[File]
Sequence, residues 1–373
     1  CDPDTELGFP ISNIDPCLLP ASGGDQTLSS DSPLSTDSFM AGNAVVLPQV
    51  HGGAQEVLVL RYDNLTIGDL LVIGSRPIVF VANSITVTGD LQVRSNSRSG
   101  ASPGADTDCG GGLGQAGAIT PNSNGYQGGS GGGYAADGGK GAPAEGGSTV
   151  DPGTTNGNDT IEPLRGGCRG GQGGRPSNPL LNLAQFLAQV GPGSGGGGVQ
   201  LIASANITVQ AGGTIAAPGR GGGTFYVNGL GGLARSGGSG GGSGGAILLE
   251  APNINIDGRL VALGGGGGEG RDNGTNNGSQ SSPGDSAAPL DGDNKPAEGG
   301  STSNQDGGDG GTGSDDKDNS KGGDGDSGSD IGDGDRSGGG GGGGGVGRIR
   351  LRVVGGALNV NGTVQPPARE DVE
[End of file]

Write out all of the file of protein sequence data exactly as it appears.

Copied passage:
Sequence, residues 1–373
     1  CDPDTELGFP ISNIDPCLLP ASGGDQTLSS DSPLSTDSFM AGNAVVLPQV
    51  HGGAQEVLVL RYDNLTIGDL LVIGSRPIVF VANSITVTGD LQVRSNSRSG
   101  ASPGADTDCG GGLGQAGAIT PNSNGYQGGS GGGYAADGGK GAPAEGGSTV
   151  DPGTTNGNDT IEPLRGGCRG GQGGRPSNPL LNLAQFLAQV GPGSGGGGVQ
   201  LIASANITVQ AGGTIAAPGR GGGTFYVNGL GGLARSGGSG GGSGGAILLE
   251  APNINIDGRL VALGGGGGEG RDNGTNNGSQ SSPGDSAAPL DGDNKPAEGG
   301  STSNQDGGDG GTGSDDKDNS KGGDGDSGSD IGDGDRSGGG GGGGGVGRIR
   351  LRVVGGALNV NGTVQPPARE DVE